(laughs) I'm stronger than a lot of other girls my age (laughs) and some guys. It ranges. We have some pretty tiny girls on our team. I've been doing it for a while and I'm kind of a stronger girl. I'm a little bit bigger. If you look at cheerleading, you know, where there's girls in charge of being on the bottom and they toss the lighter girls -- we do the same thing here -- well, minus the tossing. Of course we don't toss people on water-skis, but you get the idea.
It does take an incredible amount of strength. We get stronger as the summer goes on because you can't really waterski in the winter in New York. But we do train in the off-season -- a lot of cardio, eating right -- that kind of thing. We'll rent a pool and practice pyramids and lifts. You have to build a lot of muscle memory, so when you come back in the summer it's like riding a bike. And during the season we're out here almost every night of the week. Practice starts at six and we'll ski until sundown.
When people talk about the sports they do, do you ever sit back and go, "Yeah -- I lift other women on my head while going over jumps in the water at 40 mph?"
(laughs) Ya know, I do -- a little bit -- sometimes. (more laughter) I wish more people would do it, though! It's a great. It's seen as more of a recreational summer activity -- people don't think too much about what you do on skis behind a boat and you come down here and you see all this wacky stuff that we're doing -- it's kind of mind blowing. (laughs)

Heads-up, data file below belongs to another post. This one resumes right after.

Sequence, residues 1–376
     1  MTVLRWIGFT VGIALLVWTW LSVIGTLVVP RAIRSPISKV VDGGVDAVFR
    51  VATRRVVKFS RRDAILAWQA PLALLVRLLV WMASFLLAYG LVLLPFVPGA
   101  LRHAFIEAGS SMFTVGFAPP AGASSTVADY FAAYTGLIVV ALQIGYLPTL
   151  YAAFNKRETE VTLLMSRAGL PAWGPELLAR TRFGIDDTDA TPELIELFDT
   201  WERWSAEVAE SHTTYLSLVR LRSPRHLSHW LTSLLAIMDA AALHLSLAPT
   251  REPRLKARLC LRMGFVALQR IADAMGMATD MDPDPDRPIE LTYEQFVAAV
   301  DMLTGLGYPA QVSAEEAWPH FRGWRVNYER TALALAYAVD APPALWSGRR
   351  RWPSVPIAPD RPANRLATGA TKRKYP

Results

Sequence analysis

You're a show team, so you perform for an audience with music and costumes. Is it more the skiing or the performance that you love?
Oh, we're all hams. We love the attention, too. We do great when there's a ton of people here watching us. Our Tuesday night shows bring out about a couple of thousand people.
I think it's all kind of fun. After we ski and do our act on the water we run up on this stage and do what's called the payoff -- take our bow. You can see the faces and there's always kids up in the front jumping up and down and screaming, and it kind sinks in that they're having a blast 'cause you're having a blast. They're watching a sport and we get to perform it.
The U.S. Waterski Show Team performs tonight (weather permitting) and the next two Tuesday nights, behind Jumpin' Jack's in Scotia.
This interview was edited and condensed.
US Water Ski Show Team
Mohawk River waterfront
Scotia, NY 12302
Right behind Jumpin' Jack's.